Americans have a conflicted relationship with weeds.
There are those who love the plants, scrawny and resilient, fortuitous and opportunistic. Among them was Ralph Waldo Emerson who famously said that weeds are but plants "whose virtues have not yet been discovered." His contemporary, James Russell Lowell, added a twist to this Transcendentalist sentiment, asserting that a weed "is no more than a flower in disguise." I first heard a variant on this Romantic sensibility while picking basil, thyme, and rosemary, and a basket of vegetables, from the Claremont garden of Jane Marquis, the luminous stained-glass artist: weeds, she said, are but flowers in the wrong place.
Then there are the weed whackers, those for whom weeds have no place; who believe that uninvited growth in lawns and gardens is an affront to the well-pruned geometry of a well-ordered landscape. Among the legion of predictable supporters of this perspective are those fertilizer and seed manufacturers, lawn-care services, and toolmakers that promise that their product will lead you to the Promised Land, a green sweep front and back.
Less predictable, perhaps, is Big Ag critic Michael Pollan. He is among those showing no mercy to the creeping vine and hardy nettle, and in Second Nature: A Gardener's Education (1992) -- still, for me, his most incisive book -- he debunks those who romanticize the unkempt. His put-down of Thoreau's rejoicing that his Walden bean field also contains an "'abundance of the weeds whose seeds are the granary of the birds," is brutal: "Sure, Henry, rejoice. And starve."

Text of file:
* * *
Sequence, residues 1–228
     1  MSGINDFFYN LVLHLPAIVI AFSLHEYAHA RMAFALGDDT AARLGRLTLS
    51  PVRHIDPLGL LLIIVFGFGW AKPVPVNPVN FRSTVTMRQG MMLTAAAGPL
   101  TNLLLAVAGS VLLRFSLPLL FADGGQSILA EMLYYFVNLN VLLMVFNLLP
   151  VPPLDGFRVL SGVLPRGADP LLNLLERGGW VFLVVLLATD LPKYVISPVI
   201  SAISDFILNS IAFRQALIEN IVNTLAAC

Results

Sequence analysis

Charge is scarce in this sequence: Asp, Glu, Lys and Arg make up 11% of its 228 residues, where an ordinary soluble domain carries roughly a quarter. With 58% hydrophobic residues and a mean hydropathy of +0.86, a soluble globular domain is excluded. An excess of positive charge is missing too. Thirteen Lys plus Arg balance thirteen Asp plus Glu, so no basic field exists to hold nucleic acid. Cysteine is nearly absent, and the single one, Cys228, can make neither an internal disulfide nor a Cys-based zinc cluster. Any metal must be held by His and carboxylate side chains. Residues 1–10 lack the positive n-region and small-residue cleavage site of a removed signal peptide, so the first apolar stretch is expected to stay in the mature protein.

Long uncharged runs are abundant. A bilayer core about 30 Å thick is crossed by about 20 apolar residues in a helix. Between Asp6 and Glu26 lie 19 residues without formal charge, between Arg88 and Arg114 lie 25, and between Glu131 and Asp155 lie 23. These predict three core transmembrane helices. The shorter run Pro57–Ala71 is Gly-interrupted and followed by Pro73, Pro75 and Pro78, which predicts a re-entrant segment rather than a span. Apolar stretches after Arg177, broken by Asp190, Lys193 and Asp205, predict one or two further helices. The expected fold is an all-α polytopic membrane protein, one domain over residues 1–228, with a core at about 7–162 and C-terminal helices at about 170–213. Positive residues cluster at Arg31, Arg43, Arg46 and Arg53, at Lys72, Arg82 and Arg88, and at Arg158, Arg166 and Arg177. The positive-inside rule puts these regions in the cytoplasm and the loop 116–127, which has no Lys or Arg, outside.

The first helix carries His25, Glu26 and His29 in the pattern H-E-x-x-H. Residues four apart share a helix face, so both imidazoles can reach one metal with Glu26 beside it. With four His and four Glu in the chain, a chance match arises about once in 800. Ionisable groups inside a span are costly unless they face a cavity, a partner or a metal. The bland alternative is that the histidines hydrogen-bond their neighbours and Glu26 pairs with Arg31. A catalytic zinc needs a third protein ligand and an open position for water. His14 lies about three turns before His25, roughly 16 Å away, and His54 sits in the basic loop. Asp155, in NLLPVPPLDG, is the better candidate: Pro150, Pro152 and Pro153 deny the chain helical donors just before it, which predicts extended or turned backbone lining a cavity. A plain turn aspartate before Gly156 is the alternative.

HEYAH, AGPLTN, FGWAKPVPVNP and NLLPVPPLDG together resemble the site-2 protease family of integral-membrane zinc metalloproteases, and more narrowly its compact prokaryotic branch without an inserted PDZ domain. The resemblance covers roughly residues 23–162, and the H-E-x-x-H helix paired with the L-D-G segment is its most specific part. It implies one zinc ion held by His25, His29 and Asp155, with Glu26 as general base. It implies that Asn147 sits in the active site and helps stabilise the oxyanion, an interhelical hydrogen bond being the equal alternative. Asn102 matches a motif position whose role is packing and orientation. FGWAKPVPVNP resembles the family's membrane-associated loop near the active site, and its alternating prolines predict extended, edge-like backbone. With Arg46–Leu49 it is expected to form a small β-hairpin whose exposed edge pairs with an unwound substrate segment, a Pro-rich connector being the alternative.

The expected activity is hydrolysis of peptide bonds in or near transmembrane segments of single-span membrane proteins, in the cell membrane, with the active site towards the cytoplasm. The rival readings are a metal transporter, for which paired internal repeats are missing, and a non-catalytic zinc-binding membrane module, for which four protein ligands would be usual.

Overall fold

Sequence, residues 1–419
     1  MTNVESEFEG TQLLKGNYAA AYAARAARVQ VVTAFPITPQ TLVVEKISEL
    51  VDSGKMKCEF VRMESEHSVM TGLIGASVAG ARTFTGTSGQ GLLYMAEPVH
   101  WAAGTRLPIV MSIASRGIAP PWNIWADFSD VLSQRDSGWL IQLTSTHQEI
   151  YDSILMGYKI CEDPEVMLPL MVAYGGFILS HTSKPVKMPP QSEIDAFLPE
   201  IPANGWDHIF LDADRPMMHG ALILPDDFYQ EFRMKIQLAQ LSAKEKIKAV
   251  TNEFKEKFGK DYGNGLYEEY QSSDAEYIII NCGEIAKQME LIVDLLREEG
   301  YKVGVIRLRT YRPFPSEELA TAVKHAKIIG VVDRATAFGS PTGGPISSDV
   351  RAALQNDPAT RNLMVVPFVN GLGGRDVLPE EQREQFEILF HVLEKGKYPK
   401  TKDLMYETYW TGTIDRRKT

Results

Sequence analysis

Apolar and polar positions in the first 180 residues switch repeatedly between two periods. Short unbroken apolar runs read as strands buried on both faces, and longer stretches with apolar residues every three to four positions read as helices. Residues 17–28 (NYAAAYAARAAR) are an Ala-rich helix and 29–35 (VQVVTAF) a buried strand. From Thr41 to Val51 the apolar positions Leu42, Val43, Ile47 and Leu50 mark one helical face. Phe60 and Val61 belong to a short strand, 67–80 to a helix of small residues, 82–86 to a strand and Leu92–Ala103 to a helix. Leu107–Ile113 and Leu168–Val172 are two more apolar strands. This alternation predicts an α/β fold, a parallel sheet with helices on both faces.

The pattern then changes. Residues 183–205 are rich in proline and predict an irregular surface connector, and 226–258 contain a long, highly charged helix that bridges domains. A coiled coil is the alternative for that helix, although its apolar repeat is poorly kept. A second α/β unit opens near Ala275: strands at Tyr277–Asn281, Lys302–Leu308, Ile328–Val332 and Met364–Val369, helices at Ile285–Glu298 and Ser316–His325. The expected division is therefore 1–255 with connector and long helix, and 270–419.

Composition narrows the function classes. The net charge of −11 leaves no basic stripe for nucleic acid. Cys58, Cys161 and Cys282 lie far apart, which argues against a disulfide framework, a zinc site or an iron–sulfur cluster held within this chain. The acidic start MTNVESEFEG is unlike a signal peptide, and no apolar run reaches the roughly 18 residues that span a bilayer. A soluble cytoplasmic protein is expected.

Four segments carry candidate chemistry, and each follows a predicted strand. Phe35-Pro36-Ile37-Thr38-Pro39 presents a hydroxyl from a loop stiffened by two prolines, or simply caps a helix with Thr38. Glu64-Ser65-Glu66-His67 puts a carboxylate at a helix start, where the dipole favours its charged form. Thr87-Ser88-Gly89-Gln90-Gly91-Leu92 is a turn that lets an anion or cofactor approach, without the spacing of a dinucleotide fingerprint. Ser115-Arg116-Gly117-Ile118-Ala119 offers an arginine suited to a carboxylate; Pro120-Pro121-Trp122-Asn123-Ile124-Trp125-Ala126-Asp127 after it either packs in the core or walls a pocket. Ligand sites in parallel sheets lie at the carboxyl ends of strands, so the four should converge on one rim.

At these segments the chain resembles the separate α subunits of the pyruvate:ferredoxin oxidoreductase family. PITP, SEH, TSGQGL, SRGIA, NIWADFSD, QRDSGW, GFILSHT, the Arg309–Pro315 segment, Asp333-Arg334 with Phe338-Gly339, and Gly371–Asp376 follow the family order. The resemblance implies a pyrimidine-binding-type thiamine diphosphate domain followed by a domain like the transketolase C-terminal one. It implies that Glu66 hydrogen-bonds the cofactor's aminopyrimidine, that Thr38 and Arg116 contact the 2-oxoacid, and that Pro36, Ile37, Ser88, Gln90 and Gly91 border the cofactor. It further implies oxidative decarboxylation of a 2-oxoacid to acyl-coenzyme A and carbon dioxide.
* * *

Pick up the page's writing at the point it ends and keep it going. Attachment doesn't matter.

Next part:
This pitched battle over the cultural import of weeds -- are they stand-ins for democratic wildness or affronts to the pleasant and cultivated? -- becomes particularly relevant when you recognize that weeds are peculiarly adapted to human environment. They grow where we live, Pollan observes, "and hardly anywhere else." If true, then studying weeds as artifacts of civilization would mean that these happenstance plants have a history, or at least that there is a historical record of our dynamic reaction to their presence along our streets and sidewalks, parking lots and playgrounds. Regardless of whether you love their attributes or despise their presence, these diverse reactions have a past and tell a story.
One chapter in this narration emerges in a new book by Zachary Falck, Weeds: An Environmental History of Metropolitan America, a fascinating analysis of the tangled relationship between the explosive urbanization of the United States since the late nineteenth century and the weeds that grew up along this expanding society's transportation grids, housing developments, and recreational spaces.